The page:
Minister pulls chain on City’s poo permits

Marine conservation photographer Jean Tresfon took this picture in May 2015 of what he says is a sewage plume from the Green Point outfall.

A national minister’s decision to pull the permits that let the City pump raw sewage into the Atlantic has been welcomed by environmentalists, with one saying the Hammanskraal cholera outbreak, which left more than 20 dead, carries stark lessons for political appointees tasked with waste disposal.

Forestry, Fisheries and the Environment Minister Barbara Creecy announced on Tuesday June 13 that she had reversed her decision to grant the permits, saying the City’s public participation process was “inadequate, outdated and should be redone”.

The permits allow the City to pump raw sewage from three coastal outfalls at Camps Bay, Hout Bay and Green Point. The permit for Hout Bay was issued in 2019 while the permits for Green Point and Camps Bay followed in 2022.

The Atlantic Sun has reported repeatedly on the pollution issue (“Camps Bay marine outfall causes a stink,” February 11, 2022; “Sewage matters under spotlight, March 16, 2023; “Experts question Blue Flag water testing,” June 1, 2023; “Report to outline options for sewage treatment,” June 15, 2023).

The National Sea Rescue Institute (NSRI), ActionSA, CapeXit (Cape Independence Party), and activists Stefan Smit and Tracy Satt had appealed against Ms Creecy’s original decision earlier this year to issue further five-year permits to the City.

ActionSA provincial chairperson, Michelle Wasserman said the appeal had argued that the permits were based on “factually incorrect information; contravened the Marine Living Resources Act; contravened the Bill of Rights including the right to a healthy environment, and there was no evidence that a public participation process or risk assessment was conducted.”

Ms Wasserman said 39 million litres of raw sewage were being pumped into or adjacent to the Table Mountain National Park Marine Protected Area from the three coastal suburbs every day.

Dr Tony Turton, an environmental specialist at the University of Free State, said the authorities were “tone deaf” to the growing risk associated with what he called “our national sewage crisis”.

Business as usual was no longer an option, whether the sewage went into rivers or the ocean, he said, adding that the growing public awareness could place political appointees at risk of criminal prosecution, as was being seen with the Hammanskraal cholera outbreak.

“We are at a pivotal moment where the way we manage waste will be linked to human health and economic prosperity,” said Dr Turton.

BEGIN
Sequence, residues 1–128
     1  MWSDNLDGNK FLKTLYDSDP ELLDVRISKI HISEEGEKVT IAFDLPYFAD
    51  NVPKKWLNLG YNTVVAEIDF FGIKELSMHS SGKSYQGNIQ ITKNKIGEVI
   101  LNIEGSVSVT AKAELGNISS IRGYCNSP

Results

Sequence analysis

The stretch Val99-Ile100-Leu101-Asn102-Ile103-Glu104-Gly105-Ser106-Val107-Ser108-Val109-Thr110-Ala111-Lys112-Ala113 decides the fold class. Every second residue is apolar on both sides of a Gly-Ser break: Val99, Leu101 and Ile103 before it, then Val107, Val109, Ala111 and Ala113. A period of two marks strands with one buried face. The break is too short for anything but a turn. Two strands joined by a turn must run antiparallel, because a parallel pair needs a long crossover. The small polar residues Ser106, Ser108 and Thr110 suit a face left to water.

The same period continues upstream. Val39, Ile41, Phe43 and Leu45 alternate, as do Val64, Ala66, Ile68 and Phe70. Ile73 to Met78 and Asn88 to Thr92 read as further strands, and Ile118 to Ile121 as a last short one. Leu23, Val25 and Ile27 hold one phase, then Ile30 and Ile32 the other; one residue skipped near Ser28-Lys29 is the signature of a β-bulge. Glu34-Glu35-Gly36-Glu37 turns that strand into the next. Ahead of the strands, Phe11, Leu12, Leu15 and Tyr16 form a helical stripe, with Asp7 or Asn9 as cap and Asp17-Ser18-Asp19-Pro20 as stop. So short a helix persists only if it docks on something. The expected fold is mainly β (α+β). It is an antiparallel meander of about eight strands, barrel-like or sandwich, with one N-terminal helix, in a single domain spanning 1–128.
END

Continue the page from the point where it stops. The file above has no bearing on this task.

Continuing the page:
Sentinel Ocean Alliance managing director Marguerite Hofmeyr said Minister Creecy’s decision “reflects a commitment to transparency, accountability, and the protection of our marine ecosystems and acknowledgement that the previous process was inadequate and outdated. The health of our oceans is essential for the well-being of both marine life and human communities.”

Among other things, the City has been ordered to give notice about a new public participation process in the Government Gazette and one local newspaper widely distributed, also to give notice in one national newspaper and advertise it in three languages.

Following the decision, mayoral committee member for water and sanitation Zahid Badroodien said in a media statement that the City had applied for the permits in 2015 after a public participation process had taken place.

“Because the minister is only deciding the appeal eight years after public participation was conducted, the minister has determined that the City should collate fresh public inputs to enable her to decide the merits of the appeal. The City welcomes the opportunity to do this and has already briefed consultants to undertake the public comment process.”

Dr Badroodien said seven major studies had been done by different marine science experts since the initial public participation.

“These studies included bacterial samples, toxicity samples, mussel growth monitoring, animal tissue samples, preliminary biodiversity surveys, chemicals of emerging concern studies, dissolved oxygen and detailed numerical modelling.”

An expert summary report on that research, he said, concluded that “the marine outfalls are meeting their design objectives in reducing potential deleterious ecological and/or human health effects of discharged effluent by taking advantage of increased effluent dilution offered by deep water”.

The City, he added, had further commissioned a study that would determine the feasibility and costing of various higher level pre-treatment interventions at the outfalls.

“The draft scoping report for this study is anticipated to be complete by 30 June 2023. Further community engagements are planned for later this year on the way forward regarding outfalls once the City has had an opportunity to consider the outcome of the study.”

In the interim, the City would announce the logistics for public engagement regarding the discharge permits in due course.

An aerial image showing a sewage plume off Clifton, according to marine conservation photographer Jean Tresfon, who took this picture in May 2015.
Marine conservation photographer Jean Tresfon took this picture in May 2015 of what he says is a sewage plume from the Camps Bay outfall.